M.Cur. (Community Nursing) The aim of the study Is to evaluate sexuality education programmes used In secondary schools. A descriptive, non-experimental approach Is used. Institutions and/or organisations doing sexuality education programmes in these schools were Identified through a questionnaire sent to the principals of the schools. A checklist to analyse the curricula content of each Identified Institution was developed, based on a literature survey. Guidelines for a holistic curriculu...

  10. Parents' Participation in the Sexuality Education of Their Children in Namibia: A Framework and an Educational Programme for Enhanced Action. (United States)

    Nghipondoka-Lukolo, Linda Ndeshipandula; Charles, Kimera Lukanga


    The purpose of the study was to empower rural parents to participate in the sexuality education of their children. The study was designed to be qualitative, explorative, descriptive and contextual in nature. It was performed in three phases. Phase 1 consisted of a situational analysis to explore and describe how parents provide sexuality education. Phase 2 consisted of the development of a conceptual framework that facilitated the development of an educational programme. In phase 3 the programme was implemented and evaluated, recommendations were made and conclusions drawn. The main findings revealed two themes: factors influencing parental participation in their children's sexuality education, and the need for parental participation in their children's sexuality education. This article is part of series of three article stems from a study on the topic of sexuality education empowerment programme of rural parents in Namibia. The three articles have the following titles: one: parent's participation in sexuality education of their children: a situational analysis; two: parent's participation in sexuality education of their children: a conceptual framework and an educational programme to enhance action, and three: parent's participation in sexuality education of their children: programme implementation and evaluation. The previous paper dealt with parent's participation in sexuality education of their children: a situational analysis: the results from the in-depth interviews and focus group discussions on sexuality education with children and parents were presented. This paper focuses on describing Phase 2 and 3, namely the process of devising a conceptual framework for the development of an educational programme to empower parents to participate in the sexuality education of their children. Discussions included a description of the conceptual framework, based on the researcher's paradigmatic assumptions, and the focus group and individual in-depth interviews results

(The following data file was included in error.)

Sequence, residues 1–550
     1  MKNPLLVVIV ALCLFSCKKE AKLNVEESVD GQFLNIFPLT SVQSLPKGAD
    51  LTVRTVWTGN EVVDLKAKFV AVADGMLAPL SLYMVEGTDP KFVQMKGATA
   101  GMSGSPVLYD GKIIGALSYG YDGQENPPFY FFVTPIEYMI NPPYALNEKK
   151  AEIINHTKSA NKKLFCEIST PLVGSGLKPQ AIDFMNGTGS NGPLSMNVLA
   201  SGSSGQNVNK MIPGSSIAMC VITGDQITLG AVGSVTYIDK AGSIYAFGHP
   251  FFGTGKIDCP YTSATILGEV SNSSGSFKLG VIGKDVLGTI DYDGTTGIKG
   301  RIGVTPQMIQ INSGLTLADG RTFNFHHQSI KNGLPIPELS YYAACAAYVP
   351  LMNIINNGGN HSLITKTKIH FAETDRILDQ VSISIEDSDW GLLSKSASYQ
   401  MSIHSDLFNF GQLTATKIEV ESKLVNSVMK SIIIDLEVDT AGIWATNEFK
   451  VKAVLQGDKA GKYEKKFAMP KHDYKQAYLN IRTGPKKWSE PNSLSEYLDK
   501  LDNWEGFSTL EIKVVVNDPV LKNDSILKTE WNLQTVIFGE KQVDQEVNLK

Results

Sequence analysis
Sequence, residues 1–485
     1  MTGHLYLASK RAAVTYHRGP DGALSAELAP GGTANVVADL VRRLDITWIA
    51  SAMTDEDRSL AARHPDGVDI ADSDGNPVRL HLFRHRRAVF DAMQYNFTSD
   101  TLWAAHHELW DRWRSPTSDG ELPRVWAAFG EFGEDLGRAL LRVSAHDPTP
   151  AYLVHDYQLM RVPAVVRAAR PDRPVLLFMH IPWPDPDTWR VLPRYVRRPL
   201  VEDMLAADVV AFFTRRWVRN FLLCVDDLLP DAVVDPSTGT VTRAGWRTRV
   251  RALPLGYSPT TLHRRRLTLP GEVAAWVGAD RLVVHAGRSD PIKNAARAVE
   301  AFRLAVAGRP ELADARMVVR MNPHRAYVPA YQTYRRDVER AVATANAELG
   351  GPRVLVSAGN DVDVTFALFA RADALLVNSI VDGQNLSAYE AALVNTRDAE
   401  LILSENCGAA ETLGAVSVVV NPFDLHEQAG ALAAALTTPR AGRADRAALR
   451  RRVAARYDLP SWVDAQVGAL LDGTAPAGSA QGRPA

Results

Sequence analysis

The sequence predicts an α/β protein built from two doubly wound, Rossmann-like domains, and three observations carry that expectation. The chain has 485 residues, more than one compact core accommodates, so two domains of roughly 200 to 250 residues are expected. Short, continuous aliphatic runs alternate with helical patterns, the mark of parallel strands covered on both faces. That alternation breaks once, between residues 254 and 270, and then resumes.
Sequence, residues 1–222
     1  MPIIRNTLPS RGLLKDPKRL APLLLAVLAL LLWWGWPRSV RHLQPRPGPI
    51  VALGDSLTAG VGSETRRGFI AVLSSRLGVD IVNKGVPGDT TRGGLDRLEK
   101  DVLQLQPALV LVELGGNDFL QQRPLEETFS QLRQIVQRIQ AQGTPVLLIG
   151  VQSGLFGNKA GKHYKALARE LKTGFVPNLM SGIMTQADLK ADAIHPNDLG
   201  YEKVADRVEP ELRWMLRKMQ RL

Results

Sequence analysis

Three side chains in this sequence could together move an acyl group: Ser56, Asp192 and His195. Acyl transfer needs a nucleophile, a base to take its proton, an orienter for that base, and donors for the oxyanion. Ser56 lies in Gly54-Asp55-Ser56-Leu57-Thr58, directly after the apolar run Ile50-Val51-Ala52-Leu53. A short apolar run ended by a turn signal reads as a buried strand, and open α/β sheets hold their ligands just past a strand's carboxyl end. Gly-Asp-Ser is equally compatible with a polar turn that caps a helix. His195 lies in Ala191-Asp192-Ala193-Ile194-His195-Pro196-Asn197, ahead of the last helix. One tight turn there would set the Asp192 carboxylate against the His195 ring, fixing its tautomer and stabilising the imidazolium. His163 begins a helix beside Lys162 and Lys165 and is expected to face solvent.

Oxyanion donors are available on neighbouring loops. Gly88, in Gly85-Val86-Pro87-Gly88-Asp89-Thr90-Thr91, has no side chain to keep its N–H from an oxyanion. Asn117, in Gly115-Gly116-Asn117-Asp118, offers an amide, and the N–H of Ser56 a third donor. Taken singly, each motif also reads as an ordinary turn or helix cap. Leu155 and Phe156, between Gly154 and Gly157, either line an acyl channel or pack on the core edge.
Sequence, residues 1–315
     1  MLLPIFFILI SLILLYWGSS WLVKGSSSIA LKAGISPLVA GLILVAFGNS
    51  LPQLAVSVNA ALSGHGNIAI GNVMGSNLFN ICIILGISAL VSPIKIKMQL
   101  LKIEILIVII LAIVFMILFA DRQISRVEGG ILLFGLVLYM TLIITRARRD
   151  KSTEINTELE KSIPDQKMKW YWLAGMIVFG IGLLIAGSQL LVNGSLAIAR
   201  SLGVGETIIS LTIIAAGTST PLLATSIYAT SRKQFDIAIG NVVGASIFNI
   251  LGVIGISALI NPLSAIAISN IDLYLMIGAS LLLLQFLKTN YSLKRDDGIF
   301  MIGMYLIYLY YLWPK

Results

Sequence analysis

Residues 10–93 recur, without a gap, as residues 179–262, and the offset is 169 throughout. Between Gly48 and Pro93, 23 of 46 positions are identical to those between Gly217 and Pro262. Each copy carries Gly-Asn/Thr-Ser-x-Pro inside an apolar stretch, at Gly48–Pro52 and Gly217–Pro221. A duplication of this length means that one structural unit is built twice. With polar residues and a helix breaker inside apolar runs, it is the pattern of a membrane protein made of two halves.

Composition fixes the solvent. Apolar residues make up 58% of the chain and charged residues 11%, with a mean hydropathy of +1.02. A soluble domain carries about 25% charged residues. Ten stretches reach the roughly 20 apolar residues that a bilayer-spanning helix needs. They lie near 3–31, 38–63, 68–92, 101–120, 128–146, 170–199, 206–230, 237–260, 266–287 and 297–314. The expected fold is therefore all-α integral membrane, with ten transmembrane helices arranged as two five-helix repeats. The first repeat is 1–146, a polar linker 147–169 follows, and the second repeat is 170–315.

11. Is Professional Literature of Any Help in Developing an Educational Programme?

    Directory of Open Access Journals (Sweden)

    Žiga Stupica


    Full Text Available The article deals with findings concer­ ning development of a programme for adult learners, the term programme being used along with the term curriculum. An educational programme for adults is a process and as such always in progress. It encompasses preliminary procedures and content programming as well as planning the programme and evaluation. Program­ me models can be either integral or no­ nintegral, integral being those which ma­ ke use of professional findings for pro­ gramme development. Integral program­ mes can be further divided into linear and nonlinear ones. Linear programmes seem to be mostly focusing on adult education didactics while the nonlinear ones are more open since they integrate many other factors.

  12. The effect of a multidisciplinary regional educational programme on the quality of colon cancer resection. (United States)

    Sheehan-Dare, G E; Marks, K M; Tinkler-Hundal, E; Ingeholm, P; Bertelsen, C A; Quirke, P; West, N P